We compile citations and summaries of about 400 new articles every week.
Email Signup | RSS Feed

HELP: Tutorials | FAQ
CONTACT US: Contact info

Search Results

Journal Article


Nielsen J, Rotter JM. Adv. Struct. Eng. 2018; 21(16): 2499-2506.


(Copyright © 2018, SAGE Publishing)






Silos and tanks are both industrial storage containers, so it may be imagined that they can be treated in a common manner for structural design. However, the statistical base of reliability theory shows that tanks are exceptionally invariant in their loading, while loads in silos are possibly the most unpredictable of all structural engineering loads. This article sets out the arguments why the statistical scatter of loads on tanks should be seen as very small indeed. It then treats the problems of loads on silos at length, showing that a wide range of different factors dramatically influence the safety of the structure, leading to a situation in which the use of a single value for the partial factor on stored solid loads could be either very uneconomic or else unsafe. It shows that the known key parameters that define the form of the structure, the aspect ratio, the properties of the stored solids, the manner of filling and discharge, and the frequency of usage of the silo should all play a strong role in determining appropriate values of design partial factors. The recommended values for the partial factors should therefore be evaluated using rules placed in EN 1991-4.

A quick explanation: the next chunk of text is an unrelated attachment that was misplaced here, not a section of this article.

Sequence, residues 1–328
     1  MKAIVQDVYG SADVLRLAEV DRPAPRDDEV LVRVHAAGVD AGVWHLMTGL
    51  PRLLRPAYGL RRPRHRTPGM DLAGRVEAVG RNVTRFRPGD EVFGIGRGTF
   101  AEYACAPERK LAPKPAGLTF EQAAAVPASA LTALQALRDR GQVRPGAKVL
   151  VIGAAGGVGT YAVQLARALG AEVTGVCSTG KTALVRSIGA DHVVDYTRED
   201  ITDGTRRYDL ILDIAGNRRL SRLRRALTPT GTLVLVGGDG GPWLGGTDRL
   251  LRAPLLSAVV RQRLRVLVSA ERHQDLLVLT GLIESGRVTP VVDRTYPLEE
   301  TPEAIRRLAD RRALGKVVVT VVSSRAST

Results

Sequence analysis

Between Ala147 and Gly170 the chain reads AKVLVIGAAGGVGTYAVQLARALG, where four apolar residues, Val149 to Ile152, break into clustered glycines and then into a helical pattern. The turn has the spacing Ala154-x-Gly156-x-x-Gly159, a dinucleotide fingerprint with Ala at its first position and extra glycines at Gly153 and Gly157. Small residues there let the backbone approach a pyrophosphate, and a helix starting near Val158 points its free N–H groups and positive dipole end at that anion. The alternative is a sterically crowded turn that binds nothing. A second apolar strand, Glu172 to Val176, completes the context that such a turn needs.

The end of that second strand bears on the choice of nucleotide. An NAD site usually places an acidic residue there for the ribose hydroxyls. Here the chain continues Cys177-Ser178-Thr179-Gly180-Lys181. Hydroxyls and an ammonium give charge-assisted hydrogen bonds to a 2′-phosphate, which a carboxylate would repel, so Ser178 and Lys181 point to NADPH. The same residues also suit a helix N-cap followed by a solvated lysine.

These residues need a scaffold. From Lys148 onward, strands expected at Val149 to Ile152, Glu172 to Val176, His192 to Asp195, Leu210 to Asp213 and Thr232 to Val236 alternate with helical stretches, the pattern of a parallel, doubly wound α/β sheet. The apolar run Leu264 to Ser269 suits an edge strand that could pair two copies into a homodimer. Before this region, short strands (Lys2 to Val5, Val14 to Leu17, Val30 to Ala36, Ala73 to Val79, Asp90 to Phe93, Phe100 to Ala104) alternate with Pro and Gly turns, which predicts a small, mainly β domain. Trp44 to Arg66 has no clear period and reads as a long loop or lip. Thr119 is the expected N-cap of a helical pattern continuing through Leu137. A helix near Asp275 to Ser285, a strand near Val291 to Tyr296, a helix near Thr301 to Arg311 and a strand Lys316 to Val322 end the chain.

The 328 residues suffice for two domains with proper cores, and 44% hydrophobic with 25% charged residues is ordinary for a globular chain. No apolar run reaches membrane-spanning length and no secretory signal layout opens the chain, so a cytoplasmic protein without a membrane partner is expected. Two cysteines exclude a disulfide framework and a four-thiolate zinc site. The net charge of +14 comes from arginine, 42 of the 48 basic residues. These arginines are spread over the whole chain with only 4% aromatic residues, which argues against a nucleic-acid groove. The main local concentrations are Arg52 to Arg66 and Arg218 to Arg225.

Language: en


All SafetyLit records are available for automatic download to Zotero & Mendeley